Or in other words: WHen using Hodgdon, IMR, VV, Win, Ramshot, ALliant, Accurate, or any of the others, <font color="red"> you must find a suitable load and alter it slightly with the changing seasons. </font>
    Some change more, some change less based on their composition and exposed surface area, but the bottom line is that they ALL change.

    Sorry to be the bearer of bad news, but this might save you from spending money on miracle gimmicks and chasing your tail. /ubbthreads/images/graemlins/frown.gif
     
  6. royinidaho

    royinidaho Writers Guild

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    GG,

    Is the pressure/velocity change due to chamber/bbl temp. or the increased powder temp. due to time spent in the chamber of a hot chamber/bbl?

    I 'think' I know the answer, but since hanging out around here, what seems obvious to me has been way wrong. This may be one of those things.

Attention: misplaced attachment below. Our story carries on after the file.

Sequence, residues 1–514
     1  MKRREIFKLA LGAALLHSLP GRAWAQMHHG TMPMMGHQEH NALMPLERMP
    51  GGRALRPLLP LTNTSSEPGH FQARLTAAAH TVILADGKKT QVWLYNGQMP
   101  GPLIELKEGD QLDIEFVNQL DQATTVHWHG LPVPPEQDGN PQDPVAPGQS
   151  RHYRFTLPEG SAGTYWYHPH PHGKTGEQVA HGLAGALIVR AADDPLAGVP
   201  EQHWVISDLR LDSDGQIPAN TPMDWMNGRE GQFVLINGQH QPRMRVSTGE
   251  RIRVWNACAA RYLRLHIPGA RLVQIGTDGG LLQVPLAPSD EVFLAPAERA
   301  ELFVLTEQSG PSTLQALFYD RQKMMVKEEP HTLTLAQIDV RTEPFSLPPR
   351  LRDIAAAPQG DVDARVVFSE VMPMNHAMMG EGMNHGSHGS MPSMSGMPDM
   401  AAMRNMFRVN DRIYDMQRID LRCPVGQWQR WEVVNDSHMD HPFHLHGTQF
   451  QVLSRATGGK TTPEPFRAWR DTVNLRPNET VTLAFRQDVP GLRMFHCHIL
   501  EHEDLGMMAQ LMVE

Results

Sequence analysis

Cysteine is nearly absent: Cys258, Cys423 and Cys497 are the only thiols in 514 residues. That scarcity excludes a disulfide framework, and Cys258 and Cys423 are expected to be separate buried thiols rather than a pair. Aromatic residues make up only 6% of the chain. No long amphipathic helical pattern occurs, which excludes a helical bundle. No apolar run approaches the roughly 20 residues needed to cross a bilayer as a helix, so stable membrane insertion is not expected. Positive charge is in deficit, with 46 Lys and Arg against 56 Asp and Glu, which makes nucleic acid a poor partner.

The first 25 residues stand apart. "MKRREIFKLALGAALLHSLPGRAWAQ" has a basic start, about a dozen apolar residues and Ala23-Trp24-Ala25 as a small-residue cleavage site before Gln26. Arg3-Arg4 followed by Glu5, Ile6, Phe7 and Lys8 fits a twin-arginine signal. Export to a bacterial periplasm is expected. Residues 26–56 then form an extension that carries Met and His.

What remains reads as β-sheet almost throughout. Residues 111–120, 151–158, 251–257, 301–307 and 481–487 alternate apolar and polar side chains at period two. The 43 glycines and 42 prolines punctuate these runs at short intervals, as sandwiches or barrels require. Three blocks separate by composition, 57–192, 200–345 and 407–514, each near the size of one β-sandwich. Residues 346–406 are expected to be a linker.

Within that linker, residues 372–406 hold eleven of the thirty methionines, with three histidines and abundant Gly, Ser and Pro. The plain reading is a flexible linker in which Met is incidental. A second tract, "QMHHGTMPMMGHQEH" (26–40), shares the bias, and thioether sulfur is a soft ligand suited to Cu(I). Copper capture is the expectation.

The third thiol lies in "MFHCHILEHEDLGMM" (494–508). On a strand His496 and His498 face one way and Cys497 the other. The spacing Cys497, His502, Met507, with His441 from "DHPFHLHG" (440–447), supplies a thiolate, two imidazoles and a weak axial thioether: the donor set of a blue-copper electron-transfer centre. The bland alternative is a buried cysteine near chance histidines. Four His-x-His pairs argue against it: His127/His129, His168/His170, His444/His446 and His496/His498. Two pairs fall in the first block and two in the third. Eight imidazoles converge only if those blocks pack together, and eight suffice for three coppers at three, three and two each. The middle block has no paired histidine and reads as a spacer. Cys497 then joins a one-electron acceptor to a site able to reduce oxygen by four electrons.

BTW, w/RL-22 from summer to winter with the same load I loose ~130 FPS. Ouch! Also a bit skeer'd to have a winter and summer load laying around. Some times I space things./ubbthreads/images/graemlins/crazy.gif

    Tnx
     
  7. goodgrouper

    goodgrouper Well-Known Member

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    Internal pressures rise from both the steel being warmer and the powder/brass/primer being warmer. Remember what happens to ammo left in a ammo box in the sun? Why does it shoot faster and have more pressure?

    The same thing happens to ammo that is heated up in a chamber. In full automatic rifles under sustained fire, a round can actually cook off (fire without the trigger being pulled) from internal chamber heat.

    So basicly, it doesn't matter how the round got heated, it will have the same effect on pressure and there ain't a dang thing the powder can do about it. /ubbthreads/images/graemlins/frown.gif